Wise move can defuse tension in Turkey
Najm Eddin, a Turkish young man, sent me a letter saying that my last article on the downfall of ideology was tough on Turkish Prime Minister Recep Tayyip Erdogan. He felt uneasy about my comparison of Erdogan and Khamenei.
He justified Erdogan’s actions to be in Turkey’s best interests, its people and its future. He emphasized that Erdogan has been trying to ban alcohol and restore Istanbul’s historical importance. However, an engineering student at the university said that Erdogan must go as he has divided the Turkish society into two halves with each having its own perspective.
It seems to me that the young Turkish man is unaware that Rachid Ghannouchi is both a friend of Erdogan and his mentor. When Ghannouchi victoriously returned to Tunisia, he assured the public that his party would not impose religion on them.
But Tunis was unable to repeat the economic achievements of the Turkish government; the Ghannouchi party was not able to honor its commitments. This only led to redoubling the intensity of the liberal and civil movement in Tunisia to the point of a clash between the two components of society. This is exactly what the Muslim Brotherhood is doing in Egypt today. The rush to control society has prevented them from chalking up economic success. Interestingly, this has helped trigger a counterrevolution.
Najm Eddin was mistaken that my article is a critique against Erdogan. In fact, Erdogan the phenomenon, needs profound analysis.
His political and economic success does not mean that he has the right to affect huge transformations at the social and cultural levels. This is because societies remain in fear of the dominance of totalitarian ideologies. Seen in this way, the protest movements in Turkey reveal internal accumulations that reject the ruling based on religion.
The economic success of Erdogan has plunged Turkey into a cultural and social crisis. Secular forces fear that secularism is under threat. This is most apparent in the Taqsim Square episode, which reveals this dichotomy. The unraveling conflict can be seen as one between East Istanbul and West Istanbul reflecting a conflict between two different cultures.
These cultural contradictions surfaced suddenly and thus were not taken into account earlier. The ruling party felt that the economic successes were enough to make religion a practical and acceptable replacement of Kamalist rules and norms, which the secular and leftist forces have been trying hard to restore. The latter reject anything that counters these values, even economic achievements.
That said, no one denies the role played by the party in realizing political and economic stability for Turkey. But there are those who stress the need to maintain the secular nature of the state. If anything, the protests show that economic success does not mean imposing a cultural project on society.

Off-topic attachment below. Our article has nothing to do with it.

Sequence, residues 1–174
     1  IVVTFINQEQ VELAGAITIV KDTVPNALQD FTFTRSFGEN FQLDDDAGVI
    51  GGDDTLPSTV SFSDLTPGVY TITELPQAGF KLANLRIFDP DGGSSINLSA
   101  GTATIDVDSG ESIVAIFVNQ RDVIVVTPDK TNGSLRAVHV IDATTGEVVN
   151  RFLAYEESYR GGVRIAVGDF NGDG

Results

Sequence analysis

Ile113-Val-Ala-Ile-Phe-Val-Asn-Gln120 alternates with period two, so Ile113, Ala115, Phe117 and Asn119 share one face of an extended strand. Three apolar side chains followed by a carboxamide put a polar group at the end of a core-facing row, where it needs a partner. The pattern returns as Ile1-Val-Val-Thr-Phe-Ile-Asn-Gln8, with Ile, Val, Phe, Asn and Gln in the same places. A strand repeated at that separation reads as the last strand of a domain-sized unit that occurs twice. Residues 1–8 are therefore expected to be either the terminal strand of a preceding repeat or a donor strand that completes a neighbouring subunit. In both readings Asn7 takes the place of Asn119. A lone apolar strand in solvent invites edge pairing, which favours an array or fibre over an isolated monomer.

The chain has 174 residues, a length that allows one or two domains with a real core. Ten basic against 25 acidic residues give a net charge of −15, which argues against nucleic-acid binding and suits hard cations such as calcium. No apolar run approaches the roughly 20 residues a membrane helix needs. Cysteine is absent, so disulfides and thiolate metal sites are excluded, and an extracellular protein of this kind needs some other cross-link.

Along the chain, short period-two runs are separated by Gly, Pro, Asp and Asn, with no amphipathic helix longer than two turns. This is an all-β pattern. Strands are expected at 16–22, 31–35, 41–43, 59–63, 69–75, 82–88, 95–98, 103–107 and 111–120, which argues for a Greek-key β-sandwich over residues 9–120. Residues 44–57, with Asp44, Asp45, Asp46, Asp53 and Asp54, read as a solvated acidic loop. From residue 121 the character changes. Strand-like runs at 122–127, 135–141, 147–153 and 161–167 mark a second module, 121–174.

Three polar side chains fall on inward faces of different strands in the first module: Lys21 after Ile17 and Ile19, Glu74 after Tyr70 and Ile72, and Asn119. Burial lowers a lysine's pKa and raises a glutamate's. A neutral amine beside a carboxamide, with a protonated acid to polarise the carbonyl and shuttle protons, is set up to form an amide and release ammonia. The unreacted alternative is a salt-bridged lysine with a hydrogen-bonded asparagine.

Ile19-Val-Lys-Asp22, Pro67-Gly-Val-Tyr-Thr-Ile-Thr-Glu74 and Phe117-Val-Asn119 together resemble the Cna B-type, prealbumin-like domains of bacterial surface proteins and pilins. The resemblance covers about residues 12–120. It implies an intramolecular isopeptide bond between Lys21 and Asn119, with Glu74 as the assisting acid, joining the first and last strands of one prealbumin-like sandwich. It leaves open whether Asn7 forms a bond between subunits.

This means that bringing religion into politics does not help establish modern states that can absorb religious, social and national diversity. Egypt is a case in point.
The Iranian model is different in terms of focusing on revolution, resistance and heeding the call of the repressed. All these have enabled Iran to interfere in political affairs beyond its borders. In fact, all of Iran’s cards — Hezbollah, Houthis, Islamic Jihad, Al-Qaeda, and Assad — are seen as bargaining chips to realize Iran’s strategic interests. Indeed, it is focused on militarizing the state and the society while using the “cards” to further Iran’s interests.
Therefore, the Iranian regime is going to explode for two reasons: The economic factor and the lack of trust in the role of religious leaders and their political domination. The Muslim Brotherhood found inspiration in the Iranian revolution and supported it wholeheartedly. However, the Iranian revolution was exposed after its Persian and Safavid dimensions became clear. Even the Shiite Arabs have reservations about it because only those parties and movements that are funded by Iran are connected to the revolution.
We all remember that when Necmettin Erbakan assumed power in Turkey he was received with open arms by the political Islamist movement but unfortunately he was too utopian and therefore quickly rejected. In contrast, the Development and Justice Party has been focusing less on the Islamic dimension and more on economy. Although it managed to garner Turkish support for almost 10 years, there is no guarantee that it will continue to do so in the future.
I think that the protests in Turkey will not last for long. At the end of the day, Turkey is a state of institutions and has a longstanding experience in power rotation. Additionally, Turkey has good relations with the European Union which makes any illegal action a difficult one to take.
And yet the protests have taught the ruling party and its leader the necessity of striking a balance between internal politics and economic success. Certainly, economic achievements do not warrant the ability to implement decisions even if they are correct especially if they are against public opinion.
In the early stages of the Syrian crisis we whispered in the ears of the Syrian government to offer concessions and form a new constitution. But they decided to quell the unrest with violence which led to the killing of over 90,000 Syrians and turned two million into refugees.
Now we whisper in the ears of the Turkish prime minister to offer concessions to the Turkish people. There is too much focus on Erdogan as a symbol of success. This can prove to be beneficial for Turkey if Erdogan realizes the importance of modesty.